The single choice would also grace many a concert being 'Love Is Like A Rock', this became a signature tune, while a success, to me song wise it was never that high on my chart, although it again managed to puncture the Top 40. Maybe it's just too obvious, too standard, sure catchy as hell, but so too is chlamydia! It didn't get unnoticed this side of the Atlantic, because a version was to be found on the 1987 release by Slade of 'You Boyz Make Big Noize' a fitting tribute by a band who never had any problems writing a hit song themselves.

Let it be known I don't always view this album with rose tinted glasses, and it does have moments which I find difficult to enjoy. Take these 2 songs, 'My Girl' and 'Color Me Blue', both have a 50's feel and probably could had appeared on any of the 'Back To The Future' films, especially with its Huey Lewis feel. Maybe Donnie took his Buddy Holly fixation a bit too far.

Mention the skill of Avsec (other than being the writer of 'She Don't Know Me', he became a successful lawyer, out of the need to defend his royalties from 'Ah Leah!'), he fills a Bon Jovi keyboard opening to 'Broken Promises'. Here, we find the track that dispenses with the most energy and it cantles through quite delightfully. Again stunning backing vocals, intelligent, the amount of thought that has gone into the sub chorus right down to the drum solo is amazing. We even find the Cruisers staggering into the backyard of Cheap Trick and 4 Out Of 5 Doctors.

Merilee reappears in the chorus to the outstanding title track. I don't recall that Marty Lee was ever described as a guitar hero, but listen to that guitar solo, take note Malmsteen and Vai this is how you get a guitar solo to complement a song, not destroy it! It's quite a hard hitting number, Iris is playing his part perfectly, razor sharp riffing, the chorus vocals are just exquisite. 'He plays his guitar with a broken heart' ouch, it's up there with Schon blending with Perry in terms of greatness.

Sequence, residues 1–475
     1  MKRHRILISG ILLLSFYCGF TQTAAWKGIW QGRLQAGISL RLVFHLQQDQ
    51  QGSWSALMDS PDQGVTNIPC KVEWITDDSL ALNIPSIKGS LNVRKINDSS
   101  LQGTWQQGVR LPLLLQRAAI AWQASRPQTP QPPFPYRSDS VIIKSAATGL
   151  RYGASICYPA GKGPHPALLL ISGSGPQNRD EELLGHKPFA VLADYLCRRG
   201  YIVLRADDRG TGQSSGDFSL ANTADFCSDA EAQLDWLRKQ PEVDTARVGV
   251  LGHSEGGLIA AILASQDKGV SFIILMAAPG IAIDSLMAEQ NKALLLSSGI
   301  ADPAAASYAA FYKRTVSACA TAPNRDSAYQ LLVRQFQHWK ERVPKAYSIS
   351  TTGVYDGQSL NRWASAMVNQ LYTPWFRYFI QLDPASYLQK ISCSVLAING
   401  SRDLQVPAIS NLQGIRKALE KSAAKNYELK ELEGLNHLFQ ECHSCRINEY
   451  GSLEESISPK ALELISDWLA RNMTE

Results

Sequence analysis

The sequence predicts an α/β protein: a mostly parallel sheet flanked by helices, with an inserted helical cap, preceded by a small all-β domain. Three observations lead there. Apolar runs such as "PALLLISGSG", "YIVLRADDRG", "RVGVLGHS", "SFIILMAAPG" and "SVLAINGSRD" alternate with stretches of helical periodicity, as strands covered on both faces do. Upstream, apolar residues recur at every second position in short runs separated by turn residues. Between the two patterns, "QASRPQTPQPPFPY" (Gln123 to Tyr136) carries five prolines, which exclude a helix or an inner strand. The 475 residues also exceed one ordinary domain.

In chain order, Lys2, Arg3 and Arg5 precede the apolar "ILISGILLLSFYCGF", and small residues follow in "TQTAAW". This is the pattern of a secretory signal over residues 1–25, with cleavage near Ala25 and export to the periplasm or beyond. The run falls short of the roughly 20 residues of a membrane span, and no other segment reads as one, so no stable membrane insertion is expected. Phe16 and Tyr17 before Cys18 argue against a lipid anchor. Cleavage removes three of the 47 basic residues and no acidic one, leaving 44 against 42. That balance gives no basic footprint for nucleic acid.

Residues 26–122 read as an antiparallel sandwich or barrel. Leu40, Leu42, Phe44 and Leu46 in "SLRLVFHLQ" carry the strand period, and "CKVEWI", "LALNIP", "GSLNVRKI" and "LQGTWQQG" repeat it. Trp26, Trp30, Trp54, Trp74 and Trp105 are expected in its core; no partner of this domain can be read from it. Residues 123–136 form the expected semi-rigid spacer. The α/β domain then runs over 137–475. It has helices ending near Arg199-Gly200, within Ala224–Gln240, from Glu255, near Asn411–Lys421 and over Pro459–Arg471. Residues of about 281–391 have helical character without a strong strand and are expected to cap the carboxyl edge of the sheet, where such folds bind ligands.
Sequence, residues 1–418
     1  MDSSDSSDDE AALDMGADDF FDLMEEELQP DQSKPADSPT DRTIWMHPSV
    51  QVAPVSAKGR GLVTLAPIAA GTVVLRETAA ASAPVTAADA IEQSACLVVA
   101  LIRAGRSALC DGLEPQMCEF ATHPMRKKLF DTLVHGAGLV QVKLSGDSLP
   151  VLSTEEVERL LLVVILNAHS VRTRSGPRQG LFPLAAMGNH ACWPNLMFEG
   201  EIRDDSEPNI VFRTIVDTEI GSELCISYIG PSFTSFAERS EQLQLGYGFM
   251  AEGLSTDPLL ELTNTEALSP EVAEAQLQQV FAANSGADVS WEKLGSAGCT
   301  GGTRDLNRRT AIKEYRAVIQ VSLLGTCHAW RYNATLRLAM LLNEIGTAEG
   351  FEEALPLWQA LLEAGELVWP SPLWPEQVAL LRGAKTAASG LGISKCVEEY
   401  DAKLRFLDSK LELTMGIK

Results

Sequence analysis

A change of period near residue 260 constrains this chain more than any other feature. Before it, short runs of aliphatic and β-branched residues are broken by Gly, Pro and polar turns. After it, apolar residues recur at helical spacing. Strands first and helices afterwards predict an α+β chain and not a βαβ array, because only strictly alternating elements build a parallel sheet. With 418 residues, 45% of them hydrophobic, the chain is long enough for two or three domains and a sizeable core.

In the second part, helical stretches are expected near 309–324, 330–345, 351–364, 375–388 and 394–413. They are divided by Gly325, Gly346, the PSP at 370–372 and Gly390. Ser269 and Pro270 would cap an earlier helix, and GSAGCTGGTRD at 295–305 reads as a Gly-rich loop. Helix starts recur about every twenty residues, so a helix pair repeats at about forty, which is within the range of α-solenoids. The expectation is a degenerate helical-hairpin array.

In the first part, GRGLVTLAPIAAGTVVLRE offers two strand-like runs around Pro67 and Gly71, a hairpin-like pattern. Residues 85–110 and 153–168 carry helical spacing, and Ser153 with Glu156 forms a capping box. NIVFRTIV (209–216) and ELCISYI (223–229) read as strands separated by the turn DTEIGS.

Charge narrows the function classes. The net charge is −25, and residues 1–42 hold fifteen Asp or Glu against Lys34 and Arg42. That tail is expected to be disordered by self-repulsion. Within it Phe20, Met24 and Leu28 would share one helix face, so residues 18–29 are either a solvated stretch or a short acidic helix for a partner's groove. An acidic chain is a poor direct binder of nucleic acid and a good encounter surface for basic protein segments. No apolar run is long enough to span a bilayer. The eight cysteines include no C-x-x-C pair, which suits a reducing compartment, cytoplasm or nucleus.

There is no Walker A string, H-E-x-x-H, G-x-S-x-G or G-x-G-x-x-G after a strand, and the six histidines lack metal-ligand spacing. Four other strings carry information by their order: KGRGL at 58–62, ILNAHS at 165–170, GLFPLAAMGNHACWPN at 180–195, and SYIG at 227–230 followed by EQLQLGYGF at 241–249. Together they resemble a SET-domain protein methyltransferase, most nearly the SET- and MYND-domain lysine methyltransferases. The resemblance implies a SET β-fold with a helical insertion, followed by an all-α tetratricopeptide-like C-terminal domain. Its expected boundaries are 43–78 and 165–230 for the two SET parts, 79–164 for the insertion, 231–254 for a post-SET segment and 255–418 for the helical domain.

'The Last To Know' has a real AOR keyboard twinkling opening and benefits from a Jim Steinman vocal slant to it, before bedding down with a smooth melodic chorus, very much like The Babys. It is a fitting finale to a near perfect album.

In Summary
My memory is failing but glimpses of my past come back to me every now and then, like the time when I made this purchase from that Record Shop in Northampton opposite the Derngate Theatre, alas long gone just like the name of the shop from my mind, dreadful to be suffering from old age! Nevertheless the sun certainly shone brightly on me that day. Donnie Iris And The Cruisers certainly had the knack of being able to write songs and give them with enough polish to provide glistening melodic tunes. At this moment in AOR history they were classed as supreme songwriters as could be said for many other artists at the time but while most of us struggle with the fundamental things like reading, writing and arithmetic, Donnie and the boys would be able to clear heights that Sergi Bubka would attain, without even the need of a pole vault, they had that much ability.

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#1 | mark_g on October 30 2010 19:41:34
I agree, much better album than Fortune 410. I play this one regularly. Love the title track.
#2 | Eric on October 30 2010 20:28:56
I still kick myself for turning down a ticket to see Iris opening for Nazareth in 1981. WTF was I thinking?Shock
#3 | swazi on April 06 2012 10:14:09
A really 'cool' release! Good to know it's available on CD.
#4 | reyno-roxx on March 10 2013 16:30:07
A great album. Eric's comment reminds me of the announcement of an Iris gig at the Marquee Club that Donnie and the boys unfortunately never played for one reason or another.

The MCA live promo album from the 'King Cool' period is certainly well worth tracking down.